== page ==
Monday, November 25, 2013

HCV Viral Load at Baseline Sets Need for Protease Inhibitors

HCV Viral Load at Baseline Sets Need for Protease Inhibitors

Published: Nov 25, 2013

By Cole Petrochko, Staff Writer, MedPage Today
Reviewed by F. Perry Wilson, MD, MSCE; Instructor of Medicine, Perelman School of Medicine at the University of Pennsylvania

Hepatitis C genotype I patients with low viral load and sustained virologic response may be able to cut protease inhibitors from therapy, researchers found.

Among a cohort of treatment-naive, noncirrhosis hepatitis C patients with low viral load at baseline, those who achieved an undetectable viral load after 4 weeks of peginterferon alfa-2b and ribavirin had no significant differences in sustained viral load when continued on double-drug therapy versus triple-drug therapy that included a protease inhibitor, according to Brian Pearlman, MD, of the Center for Hepatitis C at the Atlanta Medical Center in Georgia, and Carole Ehleben, EdD, also of Atlanta Medical Center.

These similarities remained regardless of viral subtype -- genotypes 1a or 1b -- or interleukin 28b genotypes, as well as ethnicity (black versus white), they wrote online in the journal Hepatology.

Recent clinical trial data demonstrated the "near perfect cure rates" of a four-drug hepatitis C virus (HCV) treatment as part of the SAPPHIRE-1 study. Other all-oral treatments containing two- and three-drug combinations have also shown to be well tolerated and safe, with cure rates of 89% or greater.

The authors noted that the current standard of therapy for treatment-naive HCV genotype I patients is a triple therapy of peginterferon, ribavirin, and a protease inhibitor. They studied whether the inclusion of a protease inhibitor in such patients who achieve rapid virologic response after 4 weeks of peginterferon and ribavirin therapy was necessary. The study population included 233 patients with low HCV viral load at baseline who did not have cirrhosis.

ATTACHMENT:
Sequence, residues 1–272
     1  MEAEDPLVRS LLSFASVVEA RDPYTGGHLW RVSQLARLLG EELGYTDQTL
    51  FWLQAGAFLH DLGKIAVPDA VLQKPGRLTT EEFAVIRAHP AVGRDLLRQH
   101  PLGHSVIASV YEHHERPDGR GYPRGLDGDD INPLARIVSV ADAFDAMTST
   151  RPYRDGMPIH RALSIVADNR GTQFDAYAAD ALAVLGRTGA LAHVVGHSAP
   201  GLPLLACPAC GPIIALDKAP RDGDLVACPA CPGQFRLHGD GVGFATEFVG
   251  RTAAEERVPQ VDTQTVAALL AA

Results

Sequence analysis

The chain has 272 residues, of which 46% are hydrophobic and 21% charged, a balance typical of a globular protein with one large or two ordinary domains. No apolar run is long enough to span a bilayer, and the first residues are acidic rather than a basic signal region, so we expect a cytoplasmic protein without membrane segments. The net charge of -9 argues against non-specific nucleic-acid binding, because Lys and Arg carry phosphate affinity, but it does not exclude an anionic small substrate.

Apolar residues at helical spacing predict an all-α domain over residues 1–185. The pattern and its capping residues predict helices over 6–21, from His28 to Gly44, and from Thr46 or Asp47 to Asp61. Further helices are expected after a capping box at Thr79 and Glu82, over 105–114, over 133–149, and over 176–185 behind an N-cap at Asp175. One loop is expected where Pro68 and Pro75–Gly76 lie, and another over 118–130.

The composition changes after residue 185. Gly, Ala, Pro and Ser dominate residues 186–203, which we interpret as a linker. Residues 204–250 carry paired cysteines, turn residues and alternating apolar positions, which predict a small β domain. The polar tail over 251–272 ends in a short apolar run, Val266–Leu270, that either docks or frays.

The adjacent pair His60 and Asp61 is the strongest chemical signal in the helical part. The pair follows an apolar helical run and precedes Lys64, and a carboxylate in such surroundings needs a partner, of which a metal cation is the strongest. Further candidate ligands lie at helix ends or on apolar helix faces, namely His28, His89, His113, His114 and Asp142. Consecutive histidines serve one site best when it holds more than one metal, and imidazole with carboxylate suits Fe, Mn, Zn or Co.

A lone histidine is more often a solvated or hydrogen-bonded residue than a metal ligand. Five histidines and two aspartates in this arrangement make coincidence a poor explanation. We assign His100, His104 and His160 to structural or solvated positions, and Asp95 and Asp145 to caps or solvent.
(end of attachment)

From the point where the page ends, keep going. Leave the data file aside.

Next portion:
Baseline characteristics the researchers recorded included age, sex, body mass index, fasting glucose, 25-hydroxyvitamin D levels, ethnicity, histological results of pretreatment liver biopsy, and quantitative HCV viral load. Patients were stratified by HCV genotype and interleukin-28b genotype.

Roughly half of the sample (48%) achieved rapid virologic response to the 4-week regimen, and these participants were randomized to either two- or three-drug therapy, with the three-drug group receiving 24 weeks of treatment and the two-drug group receiving 20 weeks of treatment.

At baseline and at monthly follow-up, researchers recorded participant's physical characteristics, weight, Beck's Depression Inventory, blood count and differential, hepatic profile, thyroid stimulating hormone, electrolytes, serum creatinine, serum uric acid, and serum beta-human chorionic gonadotropin testing.

In addition to virologic response, adverse event profiles were not significantly different between two- and three-drug groups, nor were dose reductions and discontinuation.

"Baseline patient ethnicity, viral subtype, and interleukin-28b genotype did not seem to impact sustained virologic response rates ultimately, regardless of therapy used," they concluded, adding that these findings amplify "the point that on-treatment predictors of therapy success trump pretreatment expectations."

They also noted that protease inhibitors "are costly, and are not yet available in many countries that lack the monetary resources to cover them," and that these findings may present a significant cost savings in at least those HCV patients with a low viral load.

They cautioned that their research was limited to patients who had a low viral load at baseline, and these results may not generalize to patients with a high viral load at baseline. In addition, the study was performed in a single center and had no formal statistical hypothesis testing.

Pearlman declared support from Merck

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